We welcome the Bill. It keeps on the statute book important legislative provisions, which is right and proper, because the terrorist threat has not gone away. The Government should take the same approach to other vital issues in Northern Ireland that affect its people deeply. The Government should think again about those matters before it is too late.

6.38 pm

Greg Mulholland (Leeds, North-West) (LD): Shortly before the start of the new Parliament, I and my hon. Friend the Member for Solihull (Lorely Burt), as members of the Northern Ireland Grand Committee, were pleased to make a pleasant and informative visit to Northern Ireland. I pass on our thanks, through the Minister, to the Northern Ireland Office. Our welcome was as warm as the visit was well organised.

I am pleased to be a member of the Northern Ireland Grand Committee and hope to play a small yet full part in its important work, although it is the first time that I   have accepted a job in an organisation that I hope will be done away with when power is returned to Stormont, the wonderful seat of Government in Northern Ireland that I was so happy to visit. The magnificent view from Stormont looking over the city of Belfast will live with me for a long time. It was my first visit to Northern Ireland, despite having a grandmother from there.

My generation grew up thinking that Northern Ireland was somewhere that people would go only if they needed to, so it was wonderful to see now a thriving, vibrant European city that reminded me of my home city—Leeds—and of Manchester, near where I   was born, and of Glasgow, where I spent two happy years. I agree with the conclusion of my hon. Friend who said that we would very much like to take our spouses and families on our next visit. But I also saw first hand for the first time the roads and areas that are known the world over and I found that experience more startling and more revealing than I could have imagined.

It was not the murals, the bunting, the memorials or even the peace walls, which I was sad to hear are still getting ever higher and longer, that left the most impression on me, but the comments of the helpful official from the Northern Ireland Office. As we turned a corner, he said, "These people are all Catholics." We turned another corner, he said, "The people at that bus stop are all Protestants." Indeed, when we turned another corner, we saw a Tesco supermarket, and I   asked, "Are you telling me that only one side of the community goes to that supermarket?" He said, "Yes, that is a Protestant Tesco." Many of us who live on the British mainland have grown up with false assumptions and misunderstandings, and from my own experience, I   know that people need to see some of those things to try even to start to understand them.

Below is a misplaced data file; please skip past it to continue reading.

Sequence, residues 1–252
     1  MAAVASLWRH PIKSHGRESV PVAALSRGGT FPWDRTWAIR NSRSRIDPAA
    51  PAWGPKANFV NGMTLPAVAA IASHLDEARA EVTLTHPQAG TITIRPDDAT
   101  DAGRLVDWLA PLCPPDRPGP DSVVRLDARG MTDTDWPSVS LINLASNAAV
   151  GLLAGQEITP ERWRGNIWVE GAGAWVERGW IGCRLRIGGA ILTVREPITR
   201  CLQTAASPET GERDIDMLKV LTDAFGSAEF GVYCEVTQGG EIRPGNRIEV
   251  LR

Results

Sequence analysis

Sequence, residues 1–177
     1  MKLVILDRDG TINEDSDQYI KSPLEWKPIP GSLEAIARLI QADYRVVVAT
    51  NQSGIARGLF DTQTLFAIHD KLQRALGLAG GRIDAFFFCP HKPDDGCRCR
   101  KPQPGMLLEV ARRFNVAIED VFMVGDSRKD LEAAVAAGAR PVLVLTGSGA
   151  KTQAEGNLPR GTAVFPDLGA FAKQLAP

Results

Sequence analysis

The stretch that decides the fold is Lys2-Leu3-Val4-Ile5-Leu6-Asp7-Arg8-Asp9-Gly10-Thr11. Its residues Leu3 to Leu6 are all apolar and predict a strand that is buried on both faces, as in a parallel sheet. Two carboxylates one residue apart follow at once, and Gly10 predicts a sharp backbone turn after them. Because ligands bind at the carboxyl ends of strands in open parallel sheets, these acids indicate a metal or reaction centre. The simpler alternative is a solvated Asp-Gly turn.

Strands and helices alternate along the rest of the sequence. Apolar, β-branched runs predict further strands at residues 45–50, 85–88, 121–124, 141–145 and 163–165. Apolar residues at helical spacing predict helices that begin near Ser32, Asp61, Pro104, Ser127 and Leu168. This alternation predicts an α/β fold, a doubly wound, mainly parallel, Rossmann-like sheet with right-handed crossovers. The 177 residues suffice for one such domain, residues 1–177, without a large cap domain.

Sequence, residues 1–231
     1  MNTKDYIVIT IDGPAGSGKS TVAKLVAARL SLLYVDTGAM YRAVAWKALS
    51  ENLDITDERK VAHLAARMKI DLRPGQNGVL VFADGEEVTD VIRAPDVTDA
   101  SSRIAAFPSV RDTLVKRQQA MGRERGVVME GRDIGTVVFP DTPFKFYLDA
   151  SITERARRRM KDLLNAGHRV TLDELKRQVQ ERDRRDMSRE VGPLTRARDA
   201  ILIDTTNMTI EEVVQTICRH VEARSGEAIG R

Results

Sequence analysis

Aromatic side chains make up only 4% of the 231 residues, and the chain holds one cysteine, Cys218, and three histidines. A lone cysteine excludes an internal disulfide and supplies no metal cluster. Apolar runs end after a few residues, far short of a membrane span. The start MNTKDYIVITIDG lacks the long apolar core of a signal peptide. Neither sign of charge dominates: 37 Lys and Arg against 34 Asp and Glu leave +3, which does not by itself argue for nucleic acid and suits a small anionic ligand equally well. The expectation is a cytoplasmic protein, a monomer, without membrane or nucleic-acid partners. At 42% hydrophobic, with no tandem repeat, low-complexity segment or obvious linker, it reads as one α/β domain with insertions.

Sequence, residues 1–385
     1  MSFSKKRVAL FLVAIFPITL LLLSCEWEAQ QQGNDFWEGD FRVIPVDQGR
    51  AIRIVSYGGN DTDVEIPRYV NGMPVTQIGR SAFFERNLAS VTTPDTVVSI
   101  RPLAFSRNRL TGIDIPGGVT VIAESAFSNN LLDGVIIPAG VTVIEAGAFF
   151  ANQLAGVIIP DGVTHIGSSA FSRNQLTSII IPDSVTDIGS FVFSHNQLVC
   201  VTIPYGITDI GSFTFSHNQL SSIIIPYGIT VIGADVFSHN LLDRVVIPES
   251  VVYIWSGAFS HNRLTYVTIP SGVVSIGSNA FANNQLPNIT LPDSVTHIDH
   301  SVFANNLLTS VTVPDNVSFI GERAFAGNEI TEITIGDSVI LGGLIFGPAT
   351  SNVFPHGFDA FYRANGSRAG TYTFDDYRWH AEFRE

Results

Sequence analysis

I also saw the debris and the damage caused by the appalling violence of the summer, and it is clear to the Liberal Democrats that most of the measures in the Bill are still needed, which is why we support the Government on that. I concluded that some of the
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time-limited measures in the Bill are also needed, and, again,   we support the Government on that. Indeed, Lord Carlile's letter, which was so helpfully distributed to us this afternoon, says:

However, some of those powers are more difficult to accept than others.

In last week's debate on the Terrorism Bill—a debate in which I was very pleased to take part—there was much discussion about striking a balance and which liberties we must sacrifice to gain greater protection from terrorism. Although I acknowledge that the balance in the Bill is nearly right, I argue that it is not   quite right. From my limited experience—I acknowledge that it is very limited in Northern Ireland matters—surely balance is everything.

The balance in the Bill is not quite right for two reasons: first, because of what is still there and, secondly, because of what is not there. On what is still there, why has there been no move even to consider the recommendation in the 2004 Carlile report to use three judges in Diplock courts? Surely that would be an important step towards the eventual re-establishment of trial by jury. We fully accept that that is something for the future and that it will be implemented when it can be realistically restored. On what is not in the Bill, section 108 of the Terrorism Act 2000 allows the oral evidence of senior police officers to be admissible as evidence about people's membership of specific organisations. I   concur with Lord Carlile's conclusion in the 2004 report, which says:

The Bill sends out a message fundamentally and most importantly to the communities in Northern Ireland, but it also sends a clear message to the wider world about Northern Ireland's future. That message is not quite right, and I ask the Government to look again.

I look forward to my next visit as a member of the Northern Ireland Grand Committee to the fine city of Belfast, but I look forward even more to visits after that when that body no longer needs to sit. Most of all, I look forward to visits in the future with my family, quite simply as a tourist. So my message is simple: let us get the balance and the message right because I believe, from my limited experience, that the future of Northern Ireland depends on it.

6.46 pm